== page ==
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JavaScript Fixing Our Problem with Closures

Closures- console returning a function instead of executing code inside of inner function

function makeBirdCounter() {
  let count=0;
  return function (){
  count += 1;
  return count + ' birds';
  }
}

console.log(makeBirdCounter());

this returns

ƒ (){
  count += 1;
  return count + ' birds';
  }

but in the video it does the calculation returning

1 birds
2 birds 
3 birds

depending on how many times its ran..whats going on?

2 Answers

odzer
odzer
20,469 Points

"Why do we have to pass the function into a variable and then call it, why can't you just call the function directly?"

You can't call it directly because calling it only returns the inner function, it does not execute the inner function. So if you console.log(makeBirdCounter()); you see the inner function in the console, you do not see the output of the inner function. But you can run it directly by doing console.log(makeBirdCounter()());

However, in this case, it will always log 1 bird, as the count variable inside the outer function will be set to 0 each time the outer function is called.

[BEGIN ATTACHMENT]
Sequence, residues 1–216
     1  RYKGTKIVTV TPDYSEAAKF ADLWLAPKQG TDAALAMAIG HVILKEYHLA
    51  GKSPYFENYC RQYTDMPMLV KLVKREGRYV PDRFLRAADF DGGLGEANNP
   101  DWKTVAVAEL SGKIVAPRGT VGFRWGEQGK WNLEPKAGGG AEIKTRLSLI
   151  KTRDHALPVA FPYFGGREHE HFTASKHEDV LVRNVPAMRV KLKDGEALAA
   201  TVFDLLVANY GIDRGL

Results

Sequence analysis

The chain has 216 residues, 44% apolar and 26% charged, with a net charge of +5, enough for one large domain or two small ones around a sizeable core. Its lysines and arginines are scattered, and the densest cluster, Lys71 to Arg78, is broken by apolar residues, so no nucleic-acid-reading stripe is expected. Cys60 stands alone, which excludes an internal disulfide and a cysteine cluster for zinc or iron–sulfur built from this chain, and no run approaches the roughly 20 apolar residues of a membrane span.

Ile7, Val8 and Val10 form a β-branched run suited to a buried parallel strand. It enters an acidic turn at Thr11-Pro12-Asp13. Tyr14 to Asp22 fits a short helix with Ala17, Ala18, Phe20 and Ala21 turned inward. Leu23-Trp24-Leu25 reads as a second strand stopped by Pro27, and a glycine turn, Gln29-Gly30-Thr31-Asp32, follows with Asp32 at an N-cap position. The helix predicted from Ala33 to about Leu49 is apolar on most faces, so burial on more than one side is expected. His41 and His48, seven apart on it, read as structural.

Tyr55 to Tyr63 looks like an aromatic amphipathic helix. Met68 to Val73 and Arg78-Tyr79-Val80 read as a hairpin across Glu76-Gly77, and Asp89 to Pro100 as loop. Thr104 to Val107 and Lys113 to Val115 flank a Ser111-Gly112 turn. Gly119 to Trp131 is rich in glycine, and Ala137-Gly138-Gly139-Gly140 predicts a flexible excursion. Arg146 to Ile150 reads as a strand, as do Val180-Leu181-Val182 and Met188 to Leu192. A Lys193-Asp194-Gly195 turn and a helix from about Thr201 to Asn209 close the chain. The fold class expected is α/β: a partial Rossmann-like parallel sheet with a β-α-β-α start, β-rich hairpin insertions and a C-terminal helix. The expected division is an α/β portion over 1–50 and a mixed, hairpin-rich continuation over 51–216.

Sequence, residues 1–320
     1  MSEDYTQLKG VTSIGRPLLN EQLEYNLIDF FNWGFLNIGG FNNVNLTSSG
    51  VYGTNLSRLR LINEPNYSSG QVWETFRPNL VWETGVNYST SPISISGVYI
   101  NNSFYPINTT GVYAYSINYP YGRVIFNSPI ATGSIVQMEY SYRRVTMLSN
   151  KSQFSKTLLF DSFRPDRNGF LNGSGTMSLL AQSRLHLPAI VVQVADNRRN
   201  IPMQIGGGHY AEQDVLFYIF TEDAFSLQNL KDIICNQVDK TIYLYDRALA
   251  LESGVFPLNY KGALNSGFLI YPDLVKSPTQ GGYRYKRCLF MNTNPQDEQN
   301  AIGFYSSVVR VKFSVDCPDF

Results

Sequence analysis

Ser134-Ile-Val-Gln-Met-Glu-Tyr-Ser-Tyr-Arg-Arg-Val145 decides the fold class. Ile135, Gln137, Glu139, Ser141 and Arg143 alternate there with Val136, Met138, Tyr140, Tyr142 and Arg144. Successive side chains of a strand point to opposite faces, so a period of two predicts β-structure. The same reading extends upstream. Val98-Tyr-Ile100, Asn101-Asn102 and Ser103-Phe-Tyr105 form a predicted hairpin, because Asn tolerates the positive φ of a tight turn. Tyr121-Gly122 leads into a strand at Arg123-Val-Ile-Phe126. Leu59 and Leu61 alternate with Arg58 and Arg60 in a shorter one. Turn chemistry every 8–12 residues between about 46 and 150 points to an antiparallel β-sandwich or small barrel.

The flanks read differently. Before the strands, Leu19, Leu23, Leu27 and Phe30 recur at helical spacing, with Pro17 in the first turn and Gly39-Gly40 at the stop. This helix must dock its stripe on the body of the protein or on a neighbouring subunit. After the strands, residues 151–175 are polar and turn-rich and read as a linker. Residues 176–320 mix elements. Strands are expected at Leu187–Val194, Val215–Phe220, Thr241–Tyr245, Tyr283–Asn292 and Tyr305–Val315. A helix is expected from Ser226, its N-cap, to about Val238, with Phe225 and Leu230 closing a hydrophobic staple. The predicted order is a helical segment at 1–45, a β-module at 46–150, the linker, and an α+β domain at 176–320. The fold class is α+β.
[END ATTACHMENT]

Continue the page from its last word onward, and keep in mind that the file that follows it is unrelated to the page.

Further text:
Dave StSomeWhere
Dave StSomeWhere
19,822 Points

You're missing the part in the video where he assigns the anonymous function returned from makeBirdCounter() to a variable and then executes the returned function. Hopefully you understand the overall concept of closures a bit better...

You just need to add the new variable, something like:

function makeBirdCounter() {
    let count = 0;
    return function () {
        count += 1;
        return count + ' birds';
    }
}

//console.log(makeBirdCounter());

let functionVariable = makeBirdCounter();
console.log(functionVariable());
console.log(functionVariable());
console.log(functionVariable());
console.log(functionVariable());

// outputs
1 birds
2 birds
3 birds
4 birds

Why do you have to do that?

Dave StSomeWhere
Dave StSomeWhere
19,822 Points

I'm not sure what you are asking. Could you elaborate on your question a little bit?

Why do we have to pass the function into a variable and then call it, why can't you just call the function directly?

Dave StSomeWhere
Dave StSomeWhere
19,822 Points

I think the real answer is that these function features is a useful way for the instructor to demonstrate the closure concept.

So, being able to assign the returned function to a variable, you can see (as the main purpose of the video) that each variable assigned this anonymous function has it own scope, containing the count variable. An this is what is referred to as a closure.

If that doesn't make sense, it is probably worth it to watch the video again, without getting hung up on the function stuff.

Functions have many great features. Yes, you can call functions directly, you can store functions in objects, along with many other spiffy features... Hopefully that helps a bit.